# Linear Systems: Linear combinations

## Homework Statement

Determine if b is a linear combination of a1, a2, and a3.

a1= [1,-2, 0]
a2 = [0, 1, 2]
a3 = [5, -6 8]

b= [2, -1, 6]

## The Attempt at a Solution

Alright, well I used an augmented matrix to solve the problem, and after reducing it completely, the matrix looked like this:

| 1 0 5 |2|
| 0 1 4 |3|
| 0 0 0 |0|

Solving for the c's, I got:
(Where the number to the right of the c denote which one instead of a multiplication number)
c1+ 5c3=2
c2+4c3=3
0c3=0

I found that b is a combination of a1 and a2 if c3 is set to 0, however, since c3 is a free variable, and therefore can be anything, then b wouldn't be a lin. combination if c3 be anything other than 0.

I'm having a hard time understanding this. Is it not a linear combination because there are other possible answers that wouldn't make it so? Or is it a linear combination because atleast one possibility works.

Thank you for any help.

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Mark44
Mentor

## Homework Statement

Determine if b is a linear combination of a1, a2, and a3.

a1= [1,-2, 0]
a2 = [0, 1, 2]
a3 = [5, -6 8]

b= [2, -1, 6]

## The Attempt at a Solution

Alright, well I used an augmented matrix to solve the problem, and after reducing it completely, the matrix looked like this:

| 1 0 5 |2|
| 0 1 4 |3|
| 0 0 0 |0|

Solving for the c's, I got:
(Where the number to the right of the c denote which one instead of a multiplication number)
c1+ 5c3=2
c2+4c3=3
0c3=0

I found that b is a combination of a1 and a2 if c3 is set to 0, however, since c3 is a free variable, and therefore can be anything, then b wouldn't be a lin. combination if c3 be anything other than 0.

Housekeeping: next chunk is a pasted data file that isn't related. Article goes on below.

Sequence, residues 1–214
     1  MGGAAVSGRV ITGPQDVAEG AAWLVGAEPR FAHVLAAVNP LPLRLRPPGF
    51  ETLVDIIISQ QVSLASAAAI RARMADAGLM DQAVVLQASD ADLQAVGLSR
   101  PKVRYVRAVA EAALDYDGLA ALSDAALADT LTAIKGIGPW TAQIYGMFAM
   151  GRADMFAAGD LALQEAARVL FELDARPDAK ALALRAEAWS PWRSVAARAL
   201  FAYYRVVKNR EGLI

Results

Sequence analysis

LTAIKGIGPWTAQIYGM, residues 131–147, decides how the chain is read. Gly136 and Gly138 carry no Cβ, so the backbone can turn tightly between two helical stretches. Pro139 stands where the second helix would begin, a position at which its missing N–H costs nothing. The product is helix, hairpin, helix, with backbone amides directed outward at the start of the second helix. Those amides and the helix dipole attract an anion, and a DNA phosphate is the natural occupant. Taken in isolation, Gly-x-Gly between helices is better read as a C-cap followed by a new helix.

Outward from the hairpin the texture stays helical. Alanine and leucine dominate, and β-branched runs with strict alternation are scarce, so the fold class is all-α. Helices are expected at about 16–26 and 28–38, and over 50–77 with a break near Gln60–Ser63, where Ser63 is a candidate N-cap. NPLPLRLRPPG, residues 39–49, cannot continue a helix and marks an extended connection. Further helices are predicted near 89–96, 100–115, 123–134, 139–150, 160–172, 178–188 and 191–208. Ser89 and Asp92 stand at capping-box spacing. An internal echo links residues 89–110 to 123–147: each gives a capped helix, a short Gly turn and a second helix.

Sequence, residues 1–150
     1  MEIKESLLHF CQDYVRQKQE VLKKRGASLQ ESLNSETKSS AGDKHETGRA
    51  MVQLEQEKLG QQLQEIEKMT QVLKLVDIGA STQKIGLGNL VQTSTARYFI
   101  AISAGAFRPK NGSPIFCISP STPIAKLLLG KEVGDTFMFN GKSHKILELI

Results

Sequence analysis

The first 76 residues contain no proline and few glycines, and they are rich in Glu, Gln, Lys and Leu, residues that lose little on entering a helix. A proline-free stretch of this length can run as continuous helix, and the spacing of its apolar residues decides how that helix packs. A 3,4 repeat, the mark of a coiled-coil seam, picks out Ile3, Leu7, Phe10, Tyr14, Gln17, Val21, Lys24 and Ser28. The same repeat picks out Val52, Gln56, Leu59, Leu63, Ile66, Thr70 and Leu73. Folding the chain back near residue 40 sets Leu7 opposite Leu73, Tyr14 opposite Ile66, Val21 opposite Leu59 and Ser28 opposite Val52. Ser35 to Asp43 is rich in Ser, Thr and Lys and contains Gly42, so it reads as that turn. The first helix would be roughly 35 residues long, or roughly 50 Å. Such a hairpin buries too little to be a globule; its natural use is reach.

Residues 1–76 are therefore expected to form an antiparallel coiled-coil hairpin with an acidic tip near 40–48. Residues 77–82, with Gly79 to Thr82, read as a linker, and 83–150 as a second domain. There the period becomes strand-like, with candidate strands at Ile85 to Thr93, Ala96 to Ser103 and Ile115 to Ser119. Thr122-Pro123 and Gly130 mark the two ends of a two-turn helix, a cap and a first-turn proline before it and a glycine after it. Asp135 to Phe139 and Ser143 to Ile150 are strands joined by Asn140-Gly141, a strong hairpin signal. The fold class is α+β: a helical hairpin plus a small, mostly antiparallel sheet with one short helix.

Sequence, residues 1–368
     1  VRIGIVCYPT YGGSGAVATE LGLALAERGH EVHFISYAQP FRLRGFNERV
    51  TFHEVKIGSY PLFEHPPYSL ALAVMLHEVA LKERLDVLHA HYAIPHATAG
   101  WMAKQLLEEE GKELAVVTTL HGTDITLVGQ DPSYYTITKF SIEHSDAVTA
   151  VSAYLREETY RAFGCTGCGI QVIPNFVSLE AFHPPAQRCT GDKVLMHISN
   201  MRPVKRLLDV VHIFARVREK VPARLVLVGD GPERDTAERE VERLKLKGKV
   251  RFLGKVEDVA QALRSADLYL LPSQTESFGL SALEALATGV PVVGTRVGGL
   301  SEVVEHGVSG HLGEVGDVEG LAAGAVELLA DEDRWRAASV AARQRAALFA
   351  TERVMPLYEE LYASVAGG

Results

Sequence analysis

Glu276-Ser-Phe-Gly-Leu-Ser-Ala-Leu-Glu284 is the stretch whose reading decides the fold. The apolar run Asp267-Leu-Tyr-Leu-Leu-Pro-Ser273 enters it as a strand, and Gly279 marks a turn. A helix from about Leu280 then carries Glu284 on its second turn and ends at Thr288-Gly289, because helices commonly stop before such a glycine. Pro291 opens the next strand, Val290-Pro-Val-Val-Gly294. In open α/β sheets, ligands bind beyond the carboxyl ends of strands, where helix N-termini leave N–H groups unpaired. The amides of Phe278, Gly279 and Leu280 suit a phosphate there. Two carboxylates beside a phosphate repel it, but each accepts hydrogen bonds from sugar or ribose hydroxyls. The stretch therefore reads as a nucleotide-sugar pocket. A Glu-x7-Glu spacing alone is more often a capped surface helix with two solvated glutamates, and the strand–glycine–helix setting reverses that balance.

No, this isn't true. c3 can be set to any value. Of course, this will give different values for c1 and c2. The point is that there are lots of linear combinations of a1, a2, and a3 that produce b.

One thing to notice is that if c3 = 0, then c1 = 2 and c2 = 3. What this says is that b = 2a1 + 3a2.

Geometrically, b lies in the same plane as a1 and a2.
I'm having a hard time understanding this. Is it not a linear combination because there are other possible answers that wouldn't make it so? Or is it a linear combination because atleast one possibility works.

Thank you for any help.

Ah! I understand.

Thanks, I forgot to also change the values for c1 and c2 when I picked another free c3.

What had me confused is that the book says it's not a combination. The answer on the back clearly states it in bold. However,the book is probably wrong (Which now a-days I find they often are in regards to answers in the back)

Mark44
Mentor
First, make sure you are working the right problem.
Second, if you're working the same problem as in the book, check your answers. In this case, set c3 to some value (0 is convenient here) and verify that 2a1 + 3a2 actually adds up to b.

Try a different linear combination, by setting c3 to some other value (and calculating values for the two other constants). See if that linear combination of a1, a2, and a3 also ends up with b.